Its natural habitats are subtropical or tropical dry forest, subtropical or tropical moist shrubland, plantation edges, rural gardens, urban areas, and heavily degraded former forest. It is found mostly in leaf-litter and rotting vegetation.

The eggs are laid in damp leaf-litter where the young hatch as miniature frogs. The call is a high-pitched squeak, usually emitted during wet weather, which is often mistaken for the calls of crickets.

It is threatened by habitat loss, so please don’t mow your lawns right to the edge and please don’t rake up your leaf-litter! Leave as much of your garden wild and undisturbed as you can. Please.

Philosophy – Part 1

If a tree falls in a forest and no one is around to hear it, does it make a sound?” is a philosophical thought experiment that raises questions regarding observation and perception.

Me I think it does and forests don’t need humans to hear their sounds; the animals will hear the crashing and the thud, and the falling still lets light in which gives other plants a chance to reach for growth. K?

A more important question is “If a millennial is at an event with all her friends and thousands of fellow screaming fans and she doesn’t take a selfie, was she actually there?”

Durban Nightlife

Nightjars are fascinating birds.

One night in my first own home, Whittington Court in Marriott Road on Durban’s Berea, I heard a strange sound. It was like a small dog barking, but not quite that and I remembered from all my reading and re-reading of Roberts and Newmans bird books: Nightjar!

Aitch! I shouted, a nightjar! Luckily she knew I was weird so she joined me and we peered out from our first floor window and a nightjar flitted past. I was over the moon with excitement and discovery. A Freckled Nightjar right outside my flat!

Freckled Nightjar
Thanks stellenboschbirds.com – Chris Krog

Investigation revealed it to be a well-known one, roosting on the roof of the residential hotel nearby. Eden Gardens, now a retirement home. It had been discovered by Philip Clancey, famous birder and splitter and Durban Natural Science Museum ornithologist, who lived in the hotel.They usually roost on rocks and the roof was a good substitute. Their camouflage is impressive:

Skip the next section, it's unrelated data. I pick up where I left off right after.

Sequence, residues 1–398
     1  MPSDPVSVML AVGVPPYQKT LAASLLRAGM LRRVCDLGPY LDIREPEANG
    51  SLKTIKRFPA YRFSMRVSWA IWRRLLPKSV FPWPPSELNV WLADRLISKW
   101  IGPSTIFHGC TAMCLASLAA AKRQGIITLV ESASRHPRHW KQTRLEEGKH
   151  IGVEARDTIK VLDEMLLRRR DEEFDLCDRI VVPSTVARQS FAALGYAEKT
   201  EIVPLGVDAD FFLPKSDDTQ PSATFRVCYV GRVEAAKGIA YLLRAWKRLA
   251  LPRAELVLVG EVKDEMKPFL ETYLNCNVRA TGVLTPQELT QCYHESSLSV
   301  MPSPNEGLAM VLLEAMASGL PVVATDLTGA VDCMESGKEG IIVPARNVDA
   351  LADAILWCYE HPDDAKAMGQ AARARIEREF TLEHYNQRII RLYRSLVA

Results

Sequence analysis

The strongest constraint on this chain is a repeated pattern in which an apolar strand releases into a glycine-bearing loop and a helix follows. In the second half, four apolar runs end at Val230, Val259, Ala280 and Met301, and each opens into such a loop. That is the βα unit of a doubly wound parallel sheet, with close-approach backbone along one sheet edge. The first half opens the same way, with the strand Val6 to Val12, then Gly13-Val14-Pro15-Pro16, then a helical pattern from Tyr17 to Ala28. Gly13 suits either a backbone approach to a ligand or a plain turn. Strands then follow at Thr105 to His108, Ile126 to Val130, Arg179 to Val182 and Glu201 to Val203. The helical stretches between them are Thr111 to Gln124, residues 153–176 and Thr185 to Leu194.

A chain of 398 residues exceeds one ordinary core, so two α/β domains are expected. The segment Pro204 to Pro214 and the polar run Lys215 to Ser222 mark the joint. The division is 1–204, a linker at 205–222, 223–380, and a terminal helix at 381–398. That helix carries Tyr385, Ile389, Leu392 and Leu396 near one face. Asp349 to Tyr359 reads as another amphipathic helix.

Freckled Nightjar_africanbirdclub
africanbirdclub.com

A previous “discovery” of a nightjar also had me hugely excited.

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Durban museum ornithologist Philip Clancey took numerous expeditions into Zululand and Mozambique, discovering several new subspecies as well as one new species to science, the Lemon-breasted Canary in 1961. Clancey was a prodigious publisher of papers and books including “Birds of Natal and Zululand”, all lavishly illustrated with his excellent and distinctive bird paintings.

Drah Julah – A Dodgy Aussie Thing

2013/07/14, steve reed wrote:

We are having Dry July here in Australia. Something like Movember – a national fundraising thing.

Seriously, I did try to do Dry July (but just for my own health, I did not sign up to be sponsored). Took the remaining beers out of the fridge and put them in the cupboard so they would be warm and unpalatable.

So far I have managed to do only the week nights, and I have not touched the warm beers. But something made me pick up a couple of barossa valley reds on the way home Friday night (just in case we have visitors, see?). Then, only AFTER that, while I was in the kitchen slicing up some cabbage, a sneaky voice reminded me that this red wine can, nay SHOULD be consumed at room temperature . .

So the rule has been modified. ONLY on weekends, and only with food.

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Advice followed.

Swanepoel wrote:

I view such daft things with deep suspicion. They are positively Hassidic- or Taliban-like IMNSHO. Tom would say “Dad, that’s dodge” (meaning dodgy).

Thank goodness you have decided to be sensible. Like our rule that you could not drink while driving on tar – solved by putting the two left wheels on the gravel shoulder . . . and BTW, shelf-temperature often brings out some of beer’s more subtle flavours and undertones . . . and um, notes, sub-notes, something . .

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Brauer wrote:

Hey. For numerous reasons you should not throw the Hassidics and Taliban into the same pot. But when it comes to consuming the nectar they are P-O-L-E-S apart. The Taliban says it’s verboten. The Hassidics consume it in HUGE quantities particularly on the Holy Sabbath when they get bored cos they aren’t allowed to do anything else. It gives ‘The Holy Spirit’ a whole new dimension . .

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Learnt something. Like the Catholics drink real booze and us poor Methodists were given grape juice! Scandalous. I stopped going to communion.

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Footnote: Thankfully four July’s have passed since this alarming little episode and not a word from Reed about this dangerous would-be trend.